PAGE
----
Hallorans Hill on the Atherton Tablelands is a favourite with both locals and visitors alike. This hilltop is actually an extinct volcanic cone that now has rare mabi forest growing on it along with eucalyptus trees.
Wildlife is abundant on Hallorans Hill, making it a favourite spot for photographers and families. The usual scrub turkey and various Australian species of birds can be easily spotted. In addition, there are often small rock wallabies and the rare Lumholtz's tree kangaroo which the Aborigines call Mabi. Bunnies also abound on Hallorans Hill, making their homes in the long grasses surrounding the park. While considered a pest, nevertheless the locals often bring their kids up to Hallorans for bunny spotting as the bunnies often come out to frolic on the lawn.
Standing at the top of the Hill, at the Conservatory, it is easy to see far into the distance all around Atherton, making for photogenic scenery. Of special interest is being able to clearly see the Seven Sisters, a series of volcanic mounts made from air vents exploding rocks and gases to pile up in cones around the vents.
It is an unusual playground in that there are sensory experiences to be had. Small grassy mounds around the playground provide a challenging, slightly steep climb for little ones, sand around the playground allows for sand play, and small logs and rocks landscaped around allow for fun climbing and balancing. It was interesting to see while the typical playground construct was enjoyed by the kids, they also took time out to play on the natural sensory features.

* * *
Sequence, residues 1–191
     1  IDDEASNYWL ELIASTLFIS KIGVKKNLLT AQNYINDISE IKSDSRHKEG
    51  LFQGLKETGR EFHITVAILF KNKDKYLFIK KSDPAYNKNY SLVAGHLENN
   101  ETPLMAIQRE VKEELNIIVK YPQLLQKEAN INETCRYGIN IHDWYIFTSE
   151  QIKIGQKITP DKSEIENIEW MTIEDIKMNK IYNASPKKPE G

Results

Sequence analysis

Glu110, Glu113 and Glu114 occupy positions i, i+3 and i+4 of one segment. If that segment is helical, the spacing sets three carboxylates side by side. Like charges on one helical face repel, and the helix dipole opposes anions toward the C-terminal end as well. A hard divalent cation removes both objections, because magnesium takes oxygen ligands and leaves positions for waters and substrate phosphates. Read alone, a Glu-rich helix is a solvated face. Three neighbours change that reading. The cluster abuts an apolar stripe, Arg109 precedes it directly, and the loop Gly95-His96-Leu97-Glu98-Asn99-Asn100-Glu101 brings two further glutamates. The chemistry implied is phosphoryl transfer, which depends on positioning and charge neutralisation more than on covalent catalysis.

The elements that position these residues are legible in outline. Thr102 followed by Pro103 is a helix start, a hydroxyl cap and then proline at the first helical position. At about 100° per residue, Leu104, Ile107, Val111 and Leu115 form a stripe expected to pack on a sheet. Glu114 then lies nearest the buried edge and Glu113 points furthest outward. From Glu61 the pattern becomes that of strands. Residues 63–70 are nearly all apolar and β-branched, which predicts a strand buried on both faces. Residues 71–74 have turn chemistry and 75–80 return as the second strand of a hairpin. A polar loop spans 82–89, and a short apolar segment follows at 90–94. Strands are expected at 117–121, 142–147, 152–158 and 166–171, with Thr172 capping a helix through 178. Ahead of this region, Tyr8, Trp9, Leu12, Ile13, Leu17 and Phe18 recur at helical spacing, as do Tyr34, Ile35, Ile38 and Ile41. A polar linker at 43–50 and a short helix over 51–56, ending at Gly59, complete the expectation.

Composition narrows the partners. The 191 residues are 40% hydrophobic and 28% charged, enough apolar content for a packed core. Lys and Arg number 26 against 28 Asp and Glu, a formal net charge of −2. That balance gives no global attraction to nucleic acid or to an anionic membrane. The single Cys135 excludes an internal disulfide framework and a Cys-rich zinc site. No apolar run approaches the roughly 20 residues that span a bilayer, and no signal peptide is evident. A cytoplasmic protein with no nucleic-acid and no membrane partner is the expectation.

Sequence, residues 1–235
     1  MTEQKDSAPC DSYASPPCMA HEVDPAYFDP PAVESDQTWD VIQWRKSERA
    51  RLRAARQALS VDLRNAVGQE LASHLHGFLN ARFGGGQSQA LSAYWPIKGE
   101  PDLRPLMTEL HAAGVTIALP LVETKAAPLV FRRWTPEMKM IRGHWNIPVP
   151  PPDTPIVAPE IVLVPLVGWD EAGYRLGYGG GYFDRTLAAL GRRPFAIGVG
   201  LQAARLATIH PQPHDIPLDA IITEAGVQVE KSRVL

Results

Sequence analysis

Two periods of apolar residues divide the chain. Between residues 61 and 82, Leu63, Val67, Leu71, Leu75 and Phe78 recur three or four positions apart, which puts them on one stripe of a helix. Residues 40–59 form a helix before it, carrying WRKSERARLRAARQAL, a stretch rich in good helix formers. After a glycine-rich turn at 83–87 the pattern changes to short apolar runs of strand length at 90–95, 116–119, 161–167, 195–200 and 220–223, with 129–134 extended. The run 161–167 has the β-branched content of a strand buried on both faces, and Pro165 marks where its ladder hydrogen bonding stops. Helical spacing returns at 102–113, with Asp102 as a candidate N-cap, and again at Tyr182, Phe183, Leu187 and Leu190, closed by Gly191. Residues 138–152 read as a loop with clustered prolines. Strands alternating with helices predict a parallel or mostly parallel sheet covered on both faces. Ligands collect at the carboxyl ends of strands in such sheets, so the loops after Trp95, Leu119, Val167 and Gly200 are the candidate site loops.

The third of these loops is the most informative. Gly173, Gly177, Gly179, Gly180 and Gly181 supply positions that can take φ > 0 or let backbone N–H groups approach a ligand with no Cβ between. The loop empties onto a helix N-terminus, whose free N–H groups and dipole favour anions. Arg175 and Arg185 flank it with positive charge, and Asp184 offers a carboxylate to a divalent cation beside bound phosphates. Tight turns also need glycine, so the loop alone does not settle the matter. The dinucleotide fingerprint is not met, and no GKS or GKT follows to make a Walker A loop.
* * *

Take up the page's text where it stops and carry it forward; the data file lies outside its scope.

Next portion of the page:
One of the best features of Hallorans Hill is the design. It is possible to have some privacy to enjoy the scenery without having to run into people or be too close to others. There are BBQ areas around the hill, forested corridors, a walking trail, lots of gardens, rock landscapes, seats and even shade for hot sunny days. Mind yourself if you take the walking trail though, as there are some stinging trees along the trail. Avoid touching any heart-shaped leaves with serrated edges.
I would be amiss if I didn't mention the cache. There is a hidden geocache on Hallorans Hill for those who like GPS treasure hunting! If you find it, sign the log book and put it back exactly as you found it. Don't let anyone see you! To narrow down the search area, the cache is named "Definitely Mabi".
Make sure you take the time to visit Hallorans Hill if you're in the area. It is a great starting point for a Tablelands adventure! You can find the park on Centenary Drive. Travelling on Robert Street/Kennedy Highway through Atherton, you can turn off on to Twelfth Avenue. From there turn onto Baxter Avenue, then onto Wadley Close and then again onto Centenary Drive which loops back on itself. There is parking on Centenary Drive at the Conservatory on top of Hallorans Hill.